Sunday, October 4, 2009

Comments on Resurgent Republic Analysis (10/4)

The right-leaning political-analysis group Resurgent Republic recently issued a brief synopsis of national polls, arguing that a trio of issues -- consumer costs, increases to the federal deficit, and reduced quality -- are responsible for holding down support for President Obama's and the Democrats' proposed health care reform legislation (hat tip). I, too, have examined similar issues (here and here), and there are many ways to look at them.

Survey items about cost and quality generally offer respondents three choices: will reform plans under consideration make things better (i.e., reduce costs, raise quality), make things worse, or leave things unchanged? The thrust of my argument today is that the "leave unchanged" category offers useful information and should be incorporated into any analysis of poll results. Here are some examples of what I'm getting at:

Resurgent Republic (RR) says: “The CBS/[New York] Times September poll also found that only 19% believe the proposed changes will affect the cost of health care for the better.”

That figure is absolutely correct. But, if one looks at the full CBS/NYT report, one sees that in addition to the 19% who are optimists, 27% of respondents say costs will get worse, 22% say it will stay the same, and 28% claim not to know enough about the issue to comment. Among those offering an opinion, 60% thus feel health care costs will either get better or stay the same:

(19 + 22)/(19 + 27 + 22)

RR: “Only 14% believe the proposed health care changes will increase the quality of their own health care (CBS/Times 9/19-23).”

Percentages for the other answer choices were 30% worse, 32% same, and 21% don’t know enough. Thus, by the same calculation method as shown above, 61% of those offering an opinion say the quality of their own care will either get better or stay the same.

RR: “In the ABC/[Washington]Post surveys in August and September, 2x the number of voters believe health care costs will worsen instead of improve should health care reform pass (ABC/Post 9/10-12 and 8/13-17).”

Indeed, as documented at Polling Report's compendium of health care surveys (go to page 2 of PR's health care page), RR's statement is spot-on. For the September ABC/WP poll, 20% believe their health care costs will change for the better, 40% for the worse, and 38% feel these costs will stay about the same. Because there are so few "don't knows" in this polls, I won't bother to subtract them out. What we get is that 58% of respondents feel their costs will either come down or stay the same.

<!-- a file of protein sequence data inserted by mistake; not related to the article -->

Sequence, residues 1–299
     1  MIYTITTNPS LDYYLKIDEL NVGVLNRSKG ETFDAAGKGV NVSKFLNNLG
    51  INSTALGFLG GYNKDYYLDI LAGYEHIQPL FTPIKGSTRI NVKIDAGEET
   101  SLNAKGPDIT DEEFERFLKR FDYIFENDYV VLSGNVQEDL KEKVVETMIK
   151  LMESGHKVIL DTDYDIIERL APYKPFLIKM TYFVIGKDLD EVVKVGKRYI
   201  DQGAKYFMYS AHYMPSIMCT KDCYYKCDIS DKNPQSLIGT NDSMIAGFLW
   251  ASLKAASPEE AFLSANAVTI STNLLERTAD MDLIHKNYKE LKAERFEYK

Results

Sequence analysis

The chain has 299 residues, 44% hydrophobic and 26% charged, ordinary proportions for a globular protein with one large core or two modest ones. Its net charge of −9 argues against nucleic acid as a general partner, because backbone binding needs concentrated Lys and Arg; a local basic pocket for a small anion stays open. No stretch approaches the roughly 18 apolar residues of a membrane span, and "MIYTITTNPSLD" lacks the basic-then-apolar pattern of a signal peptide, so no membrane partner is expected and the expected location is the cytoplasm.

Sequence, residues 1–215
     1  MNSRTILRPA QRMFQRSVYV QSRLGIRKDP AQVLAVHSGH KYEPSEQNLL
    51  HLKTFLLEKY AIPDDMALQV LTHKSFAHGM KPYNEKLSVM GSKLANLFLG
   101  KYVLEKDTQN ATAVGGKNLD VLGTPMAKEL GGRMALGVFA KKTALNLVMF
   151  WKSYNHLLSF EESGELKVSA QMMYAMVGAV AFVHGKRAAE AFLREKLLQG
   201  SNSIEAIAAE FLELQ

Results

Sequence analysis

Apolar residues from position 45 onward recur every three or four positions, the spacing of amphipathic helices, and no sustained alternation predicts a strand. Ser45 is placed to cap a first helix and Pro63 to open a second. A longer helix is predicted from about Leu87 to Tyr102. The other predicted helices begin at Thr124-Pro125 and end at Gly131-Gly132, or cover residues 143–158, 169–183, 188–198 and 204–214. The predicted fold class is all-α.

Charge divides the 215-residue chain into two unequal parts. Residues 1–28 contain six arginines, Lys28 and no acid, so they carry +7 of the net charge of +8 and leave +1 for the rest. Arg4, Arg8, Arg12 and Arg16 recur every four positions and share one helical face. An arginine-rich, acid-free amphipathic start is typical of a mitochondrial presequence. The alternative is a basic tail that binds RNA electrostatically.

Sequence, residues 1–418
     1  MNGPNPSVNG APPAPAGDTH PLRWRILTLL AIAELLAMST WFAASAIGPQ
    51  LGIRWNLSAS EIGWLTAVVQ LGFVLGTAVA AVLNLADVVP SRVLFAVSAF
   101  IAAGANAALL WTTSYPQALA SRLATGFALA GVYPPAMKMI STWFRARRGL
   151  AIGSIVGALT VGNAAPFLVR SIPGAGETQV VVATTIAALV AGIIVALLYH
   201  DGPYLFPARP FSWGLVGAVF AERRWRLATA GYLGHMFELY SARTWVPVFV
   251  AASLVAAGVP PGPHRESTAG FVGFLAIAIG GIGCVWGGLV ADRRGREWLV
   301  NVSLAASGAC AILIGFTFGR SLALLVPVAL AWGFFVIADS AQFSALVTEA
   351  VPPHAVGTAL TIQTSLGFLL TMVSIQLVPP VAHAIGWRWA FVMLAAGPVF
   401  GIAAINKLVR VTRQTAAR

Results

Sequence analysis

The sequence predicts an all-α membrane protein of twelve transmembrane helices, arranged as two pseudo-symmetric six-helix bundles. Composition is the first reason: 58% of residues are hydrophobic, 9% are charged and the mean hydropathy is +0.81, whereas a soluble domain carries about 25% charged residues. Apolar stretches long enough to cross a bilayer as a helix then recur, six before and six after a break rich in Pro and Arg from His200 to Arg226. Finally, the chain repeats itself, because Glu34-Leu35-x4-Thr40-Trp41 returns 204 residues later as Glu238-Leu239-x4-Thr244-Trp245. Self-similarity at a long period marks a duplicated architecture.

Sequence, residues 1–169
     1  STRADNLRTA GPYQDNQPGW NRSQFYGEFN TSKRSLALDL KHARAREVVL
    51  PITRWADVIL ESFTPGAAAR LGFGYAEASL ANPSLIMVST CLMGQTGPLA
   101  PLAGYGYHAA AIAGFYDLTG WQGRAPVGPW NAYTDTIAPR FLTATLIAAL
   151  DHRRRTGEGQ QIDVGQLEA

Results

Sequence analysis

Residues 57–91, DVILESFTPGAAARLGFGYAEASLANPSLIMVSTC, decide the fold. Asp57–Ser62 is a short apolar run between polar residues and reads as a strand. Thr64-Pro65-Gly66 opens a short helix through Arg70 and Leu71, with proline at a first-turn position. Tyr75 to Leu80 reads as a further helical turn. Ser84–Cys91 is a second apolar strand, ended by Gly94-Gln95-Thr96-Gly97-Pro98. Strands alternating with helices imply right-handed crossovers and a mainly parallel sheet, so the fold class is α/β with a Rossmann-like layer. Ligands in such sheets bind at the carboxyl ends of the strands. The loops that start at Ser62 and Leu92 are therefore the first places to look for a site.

Just a few more. In the September 11-13 CNN/Opinion Research Corp. poll (results of which I found at Polling Report), the findings were as follows:

"From what you know of the health care reforms which the Administration is working on, do you think the amount you pay for medical care would increase, decrease, or remain the same?" Fifty-one percent replied that these costs would either decrease (16%) or remain the same (35%), whereas 47% thought they would increase.

"From what you know of those health care reforms, do you think you and your family would, in general, be better off, worse off or about the same?" Sixty-four percent said they'd either be better off (21%) or about the same (43%), whereas 35% said they'd be worse off.

In fairness to RR, they do on occasion frame their statements in a way that suggests a large percentage of respondents either think things will get better or stay the same: “NBC/WSJ surveys find that a plurality of voters (36%) believe their health care quality will worsen as a result of the President’s plan.”

There we have it. Consistent majorities -- oftentimes around 60% -- feel health care costs and quality will either get better or stay the same. Admittedly, the "stay the same" category is driving much of these results. Still, even if many American consumers feel their health care costs and quality will only stay the same (and not improve), that arguably is a good deal for a program that will provide health insurance for all or most of the 47 million Americans who currently lack it.

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